Amen. Amen. Amen!

    And now, I’d like to address some issues already rearing their not so beautiful (don’t worry won’t call them “ugly”!) heads in the very first snippet of this upcoming novel. I understand perfectly well, that mighty authors are way, way more better than anyone from their readership. We are the hoi polloi, the low and uneducated masses who’s job is only to read, buy and praise the products of true geniuses from the Lit. Olympus. I get that! And from the very beginning, I admit – I’m not worthy! I’m an unworthy worm, one of the multitude, a mere dwarf not deserving a glance from such spiritual glance as Mr. Author.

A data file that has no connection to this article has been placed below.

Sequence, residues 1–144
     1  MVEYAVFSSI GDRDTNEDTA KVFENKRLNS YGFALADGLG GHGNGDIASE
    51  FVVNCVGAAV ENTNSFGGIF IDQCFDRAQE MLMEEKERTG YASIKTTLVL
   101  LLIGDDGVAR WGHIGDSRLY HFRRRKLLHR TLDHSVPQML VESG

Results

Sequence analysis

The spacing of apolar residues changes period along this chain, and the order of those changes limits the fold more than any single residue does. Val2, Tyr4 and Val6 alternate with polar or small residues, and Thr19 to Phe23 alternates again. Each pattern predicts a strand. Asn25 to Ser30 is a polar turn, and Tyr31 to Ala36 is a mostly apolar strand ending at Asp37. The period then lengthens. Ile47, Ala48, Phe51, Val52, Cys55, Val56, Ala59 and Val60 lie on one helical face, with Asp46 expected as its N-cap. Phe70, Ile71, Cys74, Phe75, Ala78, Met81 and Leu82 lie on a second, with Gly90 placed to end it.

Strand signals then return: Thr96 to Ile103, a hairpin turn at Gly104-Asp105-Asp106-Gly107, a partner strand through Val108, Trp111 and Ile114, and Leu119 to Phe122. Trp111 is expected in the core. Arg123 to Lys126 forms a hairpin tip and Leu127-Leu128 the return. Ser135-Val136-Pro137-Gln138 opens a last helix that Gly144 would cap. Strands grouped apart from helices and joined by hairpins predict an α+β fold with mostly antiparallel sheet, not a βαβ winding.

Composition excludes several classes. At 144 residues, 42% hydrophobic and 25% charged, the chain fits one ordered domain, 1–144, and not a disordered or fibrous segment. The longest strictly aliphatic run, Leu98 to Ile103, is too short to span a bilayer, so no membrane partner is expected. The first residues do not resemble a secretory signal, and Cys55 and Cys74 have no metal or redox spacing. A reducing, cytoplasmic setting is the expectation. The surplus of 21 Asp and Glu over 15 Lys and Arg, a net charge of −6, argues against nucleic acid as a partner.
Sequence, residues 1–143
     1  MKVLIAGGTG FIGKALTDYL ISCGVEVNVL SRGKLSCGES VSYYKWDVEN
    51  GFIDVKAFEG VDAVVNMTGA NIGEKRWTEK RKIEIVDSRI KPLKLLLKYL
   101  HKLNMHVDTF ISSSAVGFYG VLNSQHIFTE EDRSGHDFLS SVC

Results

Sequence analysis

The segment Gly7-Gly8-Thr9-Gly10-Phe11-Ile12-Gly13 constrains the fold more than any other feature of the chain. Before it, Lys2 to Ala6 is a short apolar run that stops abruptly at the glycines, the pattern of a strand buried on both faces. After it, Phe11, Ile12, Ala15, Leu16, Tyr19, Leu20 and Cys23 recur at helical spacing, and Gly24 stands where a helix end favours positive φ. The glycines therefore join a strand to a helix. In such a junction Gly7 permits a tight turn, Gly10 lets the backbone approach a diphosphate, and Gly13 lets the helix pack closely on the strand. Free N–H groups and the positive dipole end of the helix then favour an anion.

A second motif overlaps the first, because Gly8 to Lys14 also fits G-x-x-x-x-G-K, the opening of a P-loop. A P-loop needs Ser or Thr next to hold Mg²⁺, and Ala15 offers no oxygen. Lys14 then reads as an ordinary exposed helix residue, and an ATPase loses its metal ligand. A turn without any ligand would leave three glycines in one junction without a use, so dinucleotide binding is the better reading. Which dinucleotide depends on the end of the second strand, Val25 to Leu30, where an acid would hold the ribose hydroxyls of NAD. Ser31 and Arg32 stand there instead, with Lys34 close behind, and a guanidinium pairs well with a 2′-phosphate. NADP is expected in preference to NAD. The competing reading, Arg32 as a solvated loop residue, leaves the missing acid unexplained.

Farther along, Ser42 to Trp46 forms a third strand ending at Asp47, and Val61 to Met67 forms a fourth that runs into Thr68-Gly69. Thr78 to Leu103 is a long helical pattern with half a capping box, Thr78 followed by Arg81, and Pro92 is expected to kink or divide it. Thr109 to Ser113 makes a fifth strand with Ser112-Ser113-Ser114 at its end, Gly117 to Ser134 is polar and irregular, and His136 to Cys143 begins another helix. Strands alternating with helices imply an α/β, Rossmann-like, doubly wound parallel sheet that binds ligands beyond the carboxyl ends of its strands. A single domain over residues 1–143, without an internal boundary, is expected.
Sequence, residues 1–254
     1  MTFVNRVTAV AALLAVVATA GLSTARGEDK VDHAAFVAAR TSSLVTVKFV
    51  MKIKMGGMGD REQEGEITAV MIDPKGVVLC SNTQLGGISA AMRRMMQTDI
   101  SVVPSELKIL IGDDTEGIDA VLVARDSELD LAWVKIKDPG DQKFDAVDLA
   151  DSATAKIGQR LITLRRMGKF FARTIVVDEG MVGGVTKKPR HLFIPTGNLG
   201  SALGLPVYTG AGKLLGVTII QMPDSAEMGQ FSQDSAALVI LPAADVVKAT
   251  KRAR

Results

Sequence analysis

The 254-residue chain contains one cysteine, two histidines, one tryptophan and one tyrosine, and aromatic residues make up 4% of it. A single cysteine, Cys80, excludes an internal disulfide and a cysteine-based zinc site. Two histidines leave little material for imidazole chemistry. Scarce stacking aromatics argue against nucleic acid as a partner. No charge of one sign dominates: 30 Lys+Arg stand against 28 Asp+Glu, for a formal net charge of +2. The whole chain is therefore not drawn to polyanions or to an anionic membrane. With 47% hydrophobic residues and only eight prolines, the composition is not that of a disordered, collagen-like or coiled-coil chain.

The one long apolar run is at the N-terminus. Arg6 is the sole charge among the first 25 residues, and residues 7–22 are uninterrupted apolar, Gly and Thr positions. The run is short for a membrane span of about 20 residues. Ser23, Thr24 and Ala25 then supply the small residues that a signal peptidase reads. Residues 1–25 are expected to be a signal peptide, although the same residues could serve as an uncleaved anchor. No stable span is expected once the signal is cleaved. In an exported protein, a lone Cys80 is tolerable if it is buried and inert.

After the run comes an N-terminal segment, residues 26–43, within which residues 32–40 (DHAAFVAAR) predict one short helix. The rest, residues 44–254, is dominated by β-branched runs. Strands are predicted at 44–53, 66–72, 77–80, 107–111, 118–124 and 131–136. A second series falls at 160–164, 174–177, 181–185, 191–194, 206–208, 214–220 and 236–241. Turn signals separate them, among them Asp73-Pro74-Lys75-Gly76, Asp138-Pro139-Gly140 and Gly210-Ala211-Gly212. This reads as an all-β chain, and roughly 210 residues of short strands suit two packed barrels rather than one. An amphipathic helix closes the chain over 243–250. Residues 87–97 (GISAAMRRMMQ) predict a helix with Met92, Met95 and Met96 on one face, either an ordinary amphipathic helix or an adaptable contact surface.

Nevertheless, I’d like to exercise my still allowed right of the free speech and comment on the upcoming novel.

    I didn’t praise the Internet just for nothing. I really mean it! I like all options that are now open to any human being thanks to Internet’s existence. I also wonder why some people can’t utilize them to the fullest. Really.

    The one thing that got me all “judgmental” and full of facepalming incredulity was this one short phrase:

    My parents named me Aleksandr Sergeyevich Naradnyo, but friends called me Sasha.

    Well – harrumph! Here, lady and gentlemen, I’d like to show you a Forbidden and Mind-Blowing Knowledge, which have lied in just couple of clicks away from you. Amazing, I know!

    1) Eastern Slavic naming customs

    2) Russian Naming Convention

    3) And the last – but not leat! – article: Ivan Volkovich Kalashnikov: How NOT to Name Your Russian Characters